Many contractors who rely on an immigrant labor force utilize so-called labor brokers to avoid responsibility for unlawful or questionable employment practices. Although construction workers are directly employed and paid by the labor broker, the contractor usually maintains authority to hire, supervise, discipline and fire them. The contractor pays the labor broker a fee—typically 3% to 15% of total payroll—for supplying the workers.
In many cases, the labor broker is simply an individual with little or no construction experience or skills himself, and he performs no work at the job site. He is simply a man with a list of names of ready and willing workers. He usually takes care of soliciting workers, transporting them to the job site, and securing their lodging accommodations.
What makes the use of labor brokers attractive is that, in most cases, contractors can secure workers more cheaply through a labor broker than it would cost to hire them directly. How, then, is a labor broker able to make a profit? Typically, labor brokers curtail their labor costs by systematically violating employment and payroll laws, or by undertaking other unethical cost-saving measures. (Riley, Michael. "Labor Brokers Cut Costs, Corners." The Denver Post, Feb. 16, 2003.)
Please read news articles about specific documented situations involving some of these schemes and practices.
Labor brokers go by various names, including labor contractors, job contractors, employee leasing companies, second-tiered subcontractors, sub-subcontractors, et al. But the term that is gaining the most popularity throughout the industry is professional employer organization (PEO), probably because it connotes integrity and legitimacy.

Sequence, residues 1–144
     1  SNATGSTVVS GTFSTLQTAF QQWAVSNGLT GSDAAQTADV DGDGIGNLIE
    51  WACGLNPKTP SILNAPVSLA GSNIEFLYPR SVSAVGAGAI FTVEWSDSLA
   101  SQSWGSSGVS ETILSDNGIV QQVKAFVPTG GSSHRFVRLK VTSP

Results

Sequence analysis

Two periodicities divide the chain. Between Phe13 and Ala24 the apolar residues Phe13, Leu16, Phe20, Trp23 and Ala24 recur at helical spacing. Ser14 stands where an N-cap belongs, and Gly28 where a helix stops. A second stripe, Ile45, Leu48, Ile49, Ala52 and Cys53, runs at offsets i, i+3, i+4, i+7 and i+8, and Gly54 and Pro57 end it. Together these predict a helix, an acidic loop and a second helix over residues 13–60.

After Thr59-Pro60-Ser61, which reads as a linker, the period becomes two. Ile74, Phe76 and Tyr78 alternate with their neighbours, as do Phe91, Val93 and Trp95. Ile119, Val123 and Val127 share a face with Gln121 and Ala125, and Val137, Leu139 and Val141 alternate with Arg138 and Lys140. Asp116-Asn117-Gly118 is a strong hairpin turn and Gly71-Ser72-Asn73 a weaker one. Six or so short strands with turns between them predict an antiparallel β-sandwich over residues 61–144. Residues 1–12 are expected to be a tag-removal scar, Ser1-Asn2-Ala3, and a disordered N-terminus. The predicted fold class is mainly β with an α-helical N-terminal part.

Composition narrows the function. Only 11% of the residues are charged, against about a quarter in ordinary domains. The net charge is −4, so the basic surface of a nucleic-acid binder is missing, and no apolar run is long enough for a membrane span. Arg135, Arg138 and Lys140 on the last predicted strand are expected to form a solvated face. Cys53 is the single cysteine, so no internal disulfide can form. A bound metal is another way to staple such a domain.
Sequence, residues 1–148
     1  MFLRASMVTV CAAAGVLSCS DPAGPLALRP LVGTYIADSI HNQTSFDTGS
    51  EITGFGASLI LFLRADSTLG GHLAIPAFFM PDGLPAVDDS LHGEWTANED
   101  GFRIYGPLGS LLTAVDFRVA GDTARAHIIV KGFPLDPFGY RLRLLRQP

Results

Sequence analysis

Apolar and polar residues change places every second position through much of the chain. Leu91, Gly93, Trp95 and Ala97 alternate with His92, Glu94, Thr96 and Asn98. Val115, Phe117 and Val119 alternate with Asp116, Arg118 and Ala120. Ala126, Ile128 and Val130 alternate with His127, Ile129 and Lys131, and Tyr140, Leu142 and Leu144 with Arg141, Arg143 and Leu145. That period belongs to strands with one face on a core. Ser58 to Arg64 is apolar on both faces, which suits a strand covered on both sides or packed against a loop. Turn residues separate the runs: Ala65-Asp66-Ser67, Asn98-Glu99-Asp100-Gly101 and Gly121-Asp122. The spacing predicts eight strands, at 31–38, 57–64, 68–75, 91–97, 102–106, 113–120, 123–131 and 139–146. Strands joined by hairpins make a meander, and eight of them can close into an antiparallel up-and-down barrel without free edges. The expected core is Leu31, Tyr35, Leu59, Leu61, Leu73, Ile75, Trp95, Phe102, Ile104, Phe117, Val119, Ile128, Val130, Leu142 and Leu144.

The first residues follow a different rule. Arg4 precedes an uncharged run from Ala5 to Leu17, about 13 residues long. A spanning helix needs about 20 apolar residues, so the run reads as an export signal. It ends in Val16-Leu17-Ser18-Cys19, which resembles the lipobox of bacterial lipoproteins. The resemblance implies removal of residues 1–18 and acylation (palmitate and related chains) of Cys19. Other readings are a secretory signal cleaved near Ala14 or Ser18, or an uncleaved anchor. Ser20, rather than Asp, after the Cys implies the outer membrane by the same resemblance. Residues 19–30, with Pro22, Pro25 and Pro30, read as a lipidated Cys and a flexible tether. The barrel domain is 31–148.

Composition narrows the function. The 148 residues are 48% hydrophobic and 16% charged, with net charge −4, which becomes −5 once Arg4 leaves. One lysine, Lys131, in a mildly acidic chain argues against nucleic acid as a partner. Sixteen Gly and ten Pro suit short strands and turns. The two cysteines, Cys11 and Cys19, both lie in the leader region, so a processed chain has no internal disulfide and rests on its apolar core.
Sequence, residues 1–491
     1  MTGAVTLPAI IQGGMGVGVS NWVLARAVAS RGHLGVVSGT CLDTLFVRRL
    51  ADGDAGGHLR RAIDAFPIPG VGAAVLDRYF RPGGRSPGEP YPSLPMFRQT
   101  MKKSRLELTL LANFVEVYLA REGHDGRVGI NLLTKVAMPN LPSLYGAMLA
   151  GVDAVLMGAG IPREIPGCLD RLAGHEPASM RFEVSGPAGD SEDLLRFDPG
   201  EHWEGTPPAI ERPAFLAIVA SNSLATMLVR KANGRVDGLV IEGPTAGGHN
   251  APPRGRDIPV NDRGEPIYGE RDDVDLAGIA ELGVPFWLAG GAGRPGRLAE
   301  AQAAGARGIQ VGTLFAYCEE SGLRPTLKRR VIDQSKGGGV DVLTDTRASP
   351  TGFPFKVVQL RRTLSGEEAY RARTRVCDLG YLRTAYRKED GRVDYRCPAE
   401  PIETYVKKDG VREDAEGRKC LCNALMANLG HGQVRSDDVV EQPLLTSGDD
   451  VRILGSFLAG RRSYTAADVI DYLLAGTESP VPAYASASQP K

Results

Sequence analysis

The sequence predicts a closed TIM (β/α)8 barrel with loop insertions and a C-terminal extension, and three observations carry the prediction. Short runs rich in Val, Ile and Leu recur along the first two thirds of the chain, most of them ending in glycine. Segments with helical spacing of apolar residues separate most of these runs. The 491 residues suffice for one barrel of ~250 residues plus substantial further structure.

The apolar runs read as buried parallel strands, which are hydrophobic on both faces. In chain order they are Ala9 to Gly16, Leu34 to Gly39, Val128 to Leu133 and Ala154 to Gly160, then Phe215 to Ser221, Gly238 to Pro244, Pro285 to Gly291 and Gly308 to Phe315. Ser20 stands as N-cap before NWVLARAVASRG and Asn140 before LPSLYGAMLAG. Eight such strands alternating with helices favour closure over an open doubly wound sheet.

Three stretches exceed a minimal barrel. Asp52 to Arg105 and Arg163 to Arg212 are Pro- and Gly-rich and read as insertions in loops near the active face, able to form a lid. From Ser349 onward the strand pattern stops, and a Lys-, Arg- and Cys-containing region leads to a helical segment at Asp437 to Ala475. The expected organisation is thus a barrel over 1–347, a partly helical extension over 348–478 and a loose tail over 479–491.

Regardless of the nomenclature used, all of these companies serve the same purpose. Small- and medium-sized businesses of all kinds outsource to labor brokers to recruit workers. But the principal advantage of using a labor broker is that, for most purposes, it voluntarily assumes legal responsibility as the employer of record. Thus, the client can ostensibly shift liability for everything from administering the payroll and paying employment-related taxes, to providing health benefits and securing workers' compensation coverage. (But see, "Using Labor Brokers: The Legal Issues." AWCI’s Construction Dimensions, Aug. 2004–Vol. 33 Issue 2. This article addresses the common misconception that employer liability can easily be shifted from contractor-client to labor broker, and explains that these arrangements may expose contractor-clients to unexpected liability.)
The National Association of Professional Employer Organizations estimates that "the PEO industry grew a very robust $10 billion to $81 billion in gross revenues in 2010. (The industry defines gross revenues as the total of its clients' payrolls and the fees PEOs charge them for taking on their human-resource activities.)" About 700 PEOs covering 2 to 3 million workers are operating in 50 states.
The use of labor brokers has become especially prevalent in the construction industry. Many construction contractors who rely on an immigrant labor force utilize labor brokers to avoid responsibility for unlawful or questionable employment practices. Although construction workers are directly employed and paid by the labor broker, the contractor usually maintains authority to hire, supervise, discipline and fire them.
PEOs charge a service fee for taking over the human resources and payroll functions of the client company: typically, this is from 3 to 15% of total gross payroll. (See Sloan, Julie. "Cure Your HR Ills". Fortune, March 28, 2007.) This fee is in addition to the normal employee overhead costs, such as workers’ compensation coverage, unemployment insurance withholding, and the employer’s share of FICA.